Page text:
When the EU25 and Norway were ranked last year on the basis of the proportion of female business owners in each country, Sweden was in 20th position.
“Not a particularly flattering placement considering that Sweden wants to be one of the most equal countries in the world,” said enterprise minister Maud Olofsson.
The minister added that the last centre-right government successfully focussed on female entrepreneurship. But since then resources have been slashed and Sweden has dropped back down the list, according to Olofsson.
The money will be used to provide advice services for women who want to start companies, loans for women, as well as more research in the area.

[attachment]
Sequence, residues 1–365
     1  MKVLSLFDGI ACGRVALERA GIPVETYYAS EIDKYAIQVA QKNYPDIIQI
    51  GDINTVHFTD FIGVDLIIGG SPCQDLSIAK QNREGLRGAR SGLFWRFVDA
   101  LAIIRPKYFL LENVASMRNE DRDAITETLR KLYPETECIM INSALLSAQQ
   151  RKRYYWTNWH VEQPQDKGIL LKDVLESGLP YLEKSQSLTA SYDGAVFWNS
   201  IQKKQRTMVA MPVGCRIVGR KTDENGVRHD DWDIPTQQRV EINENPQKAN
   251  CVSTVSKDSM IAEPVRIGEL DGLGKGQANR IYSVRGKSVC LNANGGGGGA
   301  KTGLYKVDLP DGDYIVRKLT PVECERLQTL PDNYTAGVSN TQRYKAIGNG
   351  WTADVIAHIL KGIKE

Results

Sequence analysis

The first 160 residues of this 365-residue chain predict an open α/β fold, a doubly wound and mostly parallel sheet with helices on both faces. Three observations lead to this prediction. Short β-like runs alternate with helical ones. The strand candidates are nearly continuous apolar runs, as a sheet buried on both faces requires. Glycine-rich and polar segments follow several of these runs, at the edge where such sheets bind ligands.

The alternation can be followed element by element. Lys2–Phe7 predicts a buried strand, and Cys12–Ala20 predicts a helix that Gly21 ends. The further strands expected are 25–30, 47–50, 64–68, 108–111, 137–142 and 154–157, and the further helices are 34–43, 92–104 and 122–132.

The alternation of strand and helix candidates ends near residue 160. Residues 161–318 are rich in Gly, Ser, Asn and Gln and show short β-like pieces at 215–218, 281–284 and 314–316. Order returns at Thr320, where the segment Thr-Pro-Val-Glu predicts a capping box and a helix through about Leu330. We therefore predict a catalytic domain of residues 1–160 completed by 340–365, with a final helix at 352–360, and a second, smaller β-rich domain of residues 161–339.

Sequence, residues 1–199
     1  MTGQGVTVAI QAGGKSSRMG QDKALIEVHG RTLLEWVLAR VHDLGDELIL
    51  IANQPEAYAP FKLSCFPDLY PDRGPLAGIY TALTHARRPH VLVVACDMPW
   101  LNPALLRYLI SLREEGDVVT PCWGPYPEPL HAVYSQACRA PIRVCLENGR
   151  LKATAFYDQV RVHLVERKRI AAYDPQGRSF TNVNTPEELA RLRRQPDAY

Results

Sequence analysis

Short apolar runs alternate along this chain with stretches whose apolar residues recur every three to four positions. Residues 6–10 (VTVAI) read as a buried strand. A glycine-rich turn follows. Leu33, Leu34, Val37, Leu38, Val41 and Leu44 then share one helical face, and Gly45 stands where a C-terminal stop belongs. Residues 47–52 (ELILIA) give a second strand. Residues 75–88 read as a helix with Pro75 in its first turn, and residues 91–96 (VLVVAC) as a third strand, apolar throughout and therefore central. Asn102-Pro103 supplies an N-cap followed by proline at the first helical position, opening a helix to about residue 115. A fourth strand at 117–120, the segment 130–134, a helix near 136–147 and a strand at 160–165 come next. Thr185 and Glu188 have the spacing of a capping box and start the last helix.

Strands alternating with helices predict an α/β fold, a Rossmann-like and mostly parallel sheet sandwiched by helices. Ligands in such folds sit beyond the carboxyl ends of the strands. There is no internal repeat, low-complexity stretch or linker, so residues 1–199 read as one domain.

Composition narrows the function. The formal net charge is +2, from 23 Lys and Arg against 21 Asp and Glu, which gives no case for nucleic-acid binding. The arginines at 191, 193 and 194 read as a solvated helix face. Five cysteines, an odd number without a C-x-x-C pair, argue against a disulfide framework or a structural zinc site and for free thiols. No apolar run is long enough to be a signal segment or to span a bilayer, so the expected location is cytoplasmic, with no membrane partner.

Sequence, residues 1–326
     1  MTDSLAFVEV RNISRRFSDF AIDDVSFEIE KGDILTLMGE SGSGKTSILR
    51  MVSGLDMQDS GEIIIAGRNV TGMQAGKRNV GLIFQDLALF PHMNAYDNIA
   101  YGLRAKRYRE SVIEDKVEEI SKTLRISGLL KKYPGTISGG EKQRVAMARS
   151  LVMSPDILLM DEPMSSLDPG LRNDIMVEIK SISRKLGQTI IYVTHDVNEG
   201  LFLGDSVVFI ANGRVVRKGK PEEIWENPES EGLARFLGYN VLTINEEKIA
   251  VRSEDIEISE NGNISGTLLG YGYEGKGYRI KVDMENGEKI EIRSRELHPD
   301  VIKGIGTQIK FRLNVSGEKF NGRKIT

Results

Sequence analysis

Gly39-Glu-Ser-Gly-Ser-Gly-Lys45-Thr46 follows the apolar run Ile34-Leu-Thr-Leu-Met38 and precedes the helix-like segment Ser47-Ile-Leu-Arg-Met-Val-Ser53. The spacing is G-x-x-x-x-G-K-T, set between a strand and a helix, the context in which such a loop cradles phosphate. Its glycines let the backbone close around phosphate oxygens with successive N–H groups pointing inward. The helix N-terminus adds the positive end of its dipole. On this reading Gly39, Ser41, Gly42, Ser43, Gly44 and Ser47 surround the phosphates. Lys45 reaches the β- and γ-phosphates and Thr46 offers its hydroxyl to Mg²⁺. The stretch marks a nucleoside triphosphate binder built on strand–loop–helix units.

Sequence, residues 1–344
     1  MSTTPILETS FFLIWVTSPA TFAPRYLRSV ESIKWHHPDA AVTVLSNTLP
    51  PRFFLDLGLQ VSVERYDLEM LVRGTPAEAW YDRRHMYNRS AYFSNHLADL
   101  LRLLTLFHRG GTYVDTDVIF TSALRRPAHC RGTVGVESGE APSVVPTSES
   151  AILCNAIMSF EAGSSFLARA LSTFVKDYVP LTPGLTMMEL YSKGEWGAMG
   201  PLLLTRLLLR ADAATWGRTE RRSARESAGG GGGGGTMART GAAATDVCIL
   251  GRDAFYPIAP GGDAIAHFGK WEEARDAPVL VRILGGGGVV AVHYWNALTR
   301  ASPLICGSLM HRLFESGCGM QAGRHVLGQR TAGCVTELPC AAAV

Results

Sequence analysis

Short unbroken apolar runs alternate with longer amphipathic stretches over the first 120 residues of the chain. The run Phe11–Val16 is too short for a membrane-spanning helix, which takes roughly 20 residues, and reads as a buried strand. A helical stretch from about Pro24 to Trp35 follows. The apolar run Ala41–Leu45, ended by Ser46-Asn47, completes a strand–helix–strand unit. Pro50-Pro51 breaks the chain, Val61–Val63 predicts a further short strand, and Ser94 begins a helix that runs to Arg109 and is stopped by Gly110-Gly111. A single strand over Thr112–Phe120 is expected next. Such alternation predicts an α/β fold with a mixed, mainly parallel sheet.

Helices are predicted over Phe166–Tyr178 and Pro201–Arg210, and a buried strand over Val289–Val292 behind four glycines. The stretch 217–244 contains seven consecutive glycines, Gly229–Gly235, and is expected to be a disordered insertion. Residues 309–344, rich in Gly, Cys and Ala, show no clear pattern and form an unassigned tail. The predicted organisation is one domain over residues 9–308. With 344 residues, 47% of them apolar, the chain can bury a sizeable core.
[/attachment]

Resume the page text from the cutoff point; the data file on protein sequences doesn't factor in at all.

Maud Olofsson points out some of the reasons why so few women set up companies.
For one thing the public sector is closed to a great deal of women who would like to establish companies.
Another problem is that few of the country’s fortunes belong to women. This can make it more difficult for women to borrow money, according to the minister.
Furthermore, anybody wanting to set up a limited company needs to invest 100,000 kronor worth of capital. Maud Olofsson says this is too much, pointing to the UK, where 20,000 kronor is sufficient.